Article by Irene Bender from the Cokato Historical Society's newsletter In the Midst Of, Summer, 1992, Vol. 12 No. 3.
June 16 seemed to be a normal day at the Cokato Museum at four thirty. The alarm was set. That evening a storm moved through Meeker County where I live; my husband and I went to the basement for about ten minutes. After the strong wind and some hail, we went back to bed. The phone rang about one o'clock. City Clerk Peggy Carlson said some windows were
broken in the museum. My first thought was the skylight in the Akerlund Studio. She said it was not broken.
Hurrying in from the country, I had no idea of the damage. Bruce and Peggy Carlson, Mary and Mike Ackerman, and I tried to board up the museum and library windows. The power was out. Leaving at four a.m., I still had no idea that a tornado had devastated the community.
The roof taken off the Akerlund Studio and apartment was covered early the following day by Boreen Construction who had done the original restoration work. Carl Rokala Construction also sent a crew. The insurance company gave permission to replace the roof. The roof was on within the next two days.
The work began. Museum directors are told to have a disaster plan. That was on my list of things to do. Now there was no choice. A few of us began to clean and protect the contents which had some water damage.
Calls to the Upper Midwest Conservation Lab and Minnesota State Historical Society provided technical advice. Staff and volunteers carried all paper to the Centennial Room where they were placed on absorbant paper and fans circulated air and objects were moved to off-site storage. On Friday a group of professionals from the newly formed Minnesota Alliance of Local History Museums worked on the paper collection.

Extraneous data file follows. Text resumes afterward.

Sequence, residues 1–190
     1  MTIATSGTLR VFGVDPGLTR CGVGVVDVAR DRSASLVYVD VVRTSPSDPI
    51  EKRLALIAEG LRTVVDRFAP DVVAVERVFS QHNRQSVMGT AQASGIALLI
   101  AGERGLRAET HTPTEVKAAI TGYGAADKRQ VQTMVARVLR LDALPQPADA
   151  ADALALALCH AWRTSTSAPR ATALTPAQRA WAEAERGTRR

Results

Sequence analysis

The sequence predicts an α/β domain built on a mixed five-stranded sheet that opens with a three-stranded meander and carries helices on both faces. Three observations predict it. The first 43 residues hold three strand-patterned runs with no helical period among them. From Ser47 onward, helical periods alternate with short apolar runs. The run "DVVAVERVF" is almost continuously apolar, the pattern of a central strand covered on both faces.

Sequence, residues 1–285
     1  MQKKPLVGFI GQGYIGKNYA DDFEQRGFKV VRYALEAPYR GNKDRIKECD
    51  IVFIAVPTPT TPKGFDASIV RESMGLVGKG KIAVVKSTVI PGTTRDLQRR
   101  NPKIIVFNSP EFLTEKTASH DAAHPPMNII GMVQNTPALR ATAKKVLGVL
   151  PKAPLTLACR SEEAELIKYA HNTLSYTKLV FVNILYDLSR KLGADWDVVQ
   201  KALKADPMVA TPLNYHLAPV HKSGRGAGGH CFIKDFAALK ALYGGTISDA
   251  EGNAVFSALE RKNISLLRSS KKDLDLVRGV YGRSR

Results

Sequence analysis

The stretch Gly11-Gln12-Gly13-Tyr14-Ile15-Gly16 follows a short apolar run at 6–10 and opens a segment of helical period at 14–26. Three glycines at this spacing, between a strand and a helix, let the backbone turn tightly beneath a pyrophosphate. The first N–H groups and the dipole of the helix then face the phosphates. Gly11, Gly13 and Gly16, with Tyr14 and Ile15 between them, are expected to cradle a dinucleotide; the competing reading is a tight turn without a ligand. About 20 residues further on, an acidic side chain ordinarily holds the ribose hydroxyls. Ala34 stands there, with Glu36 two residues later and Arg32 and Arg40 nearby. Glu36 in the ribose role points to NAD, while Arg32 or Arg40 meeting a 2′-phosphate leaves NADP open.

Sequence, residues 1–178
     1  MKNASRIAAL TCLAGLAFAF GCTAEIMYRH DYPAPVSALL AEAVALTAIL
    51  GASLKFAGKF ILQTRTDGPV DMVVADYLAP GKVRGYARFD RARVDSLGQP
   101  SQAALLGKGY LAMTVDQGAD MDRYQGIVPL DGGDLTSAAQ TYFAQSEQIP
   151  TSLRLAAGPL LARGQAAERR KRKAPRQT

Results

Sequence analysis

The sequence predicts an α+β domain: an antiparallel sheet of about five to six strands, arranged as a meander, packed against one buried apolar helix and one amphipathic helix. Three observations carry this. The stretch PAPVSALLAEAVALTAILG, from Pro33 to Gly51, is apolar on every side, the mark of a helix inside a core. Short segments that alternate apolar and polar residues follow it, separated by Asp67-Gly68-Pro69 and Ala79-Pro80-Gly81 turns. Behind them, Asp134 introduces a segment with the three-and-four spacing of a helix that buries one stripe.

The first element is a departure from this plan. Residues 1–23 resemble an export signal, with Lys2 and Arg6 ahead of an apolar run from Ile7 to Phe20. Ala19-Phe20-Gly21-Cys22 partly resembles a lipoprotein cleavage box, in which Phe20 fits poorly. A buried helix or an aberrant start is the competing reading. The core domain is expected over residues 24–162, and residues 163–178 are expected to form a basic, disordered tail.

Staff and volunteers worked diligently to stabilize the collection. We are grateful to everyone who worked together in the disaster.
In addition to the concern from the community, the museum recieved calls from an assessor in Kansas City who had worked for the museum and our friend, Margaretha Hedblom, in Sweden. The studio was referred to as "being meticulously restored" by Tom Steward, reporter who covered the storm in his hometown on WCCO-TV. Several contributions have been designated for storm damage. Work is beginning on the interior of the studio and the apartment which have to be redone.
The devastation of local landmarks-the Good Shepherd Lutheran Church (formerly the First Baptist Church, which had beautiful stained glass windows donated from James J. Hill), the severe damage to the Stockholm Lutheran Church (who last year celebrated their 125th anniversary), the Green Giant warehouse (the 1905 Cokato Canning Company), the loss of the Titrud round barn on the National Register of Historic Places, and the loss of one-hundred year-old trees, makes it all the more important that historic structures be restored if possible. Even though the studio was moved almost two inches from the foundation on one corner, we are thankful the skylight was not damaged and the studio can continue to be a visible reminder of our past.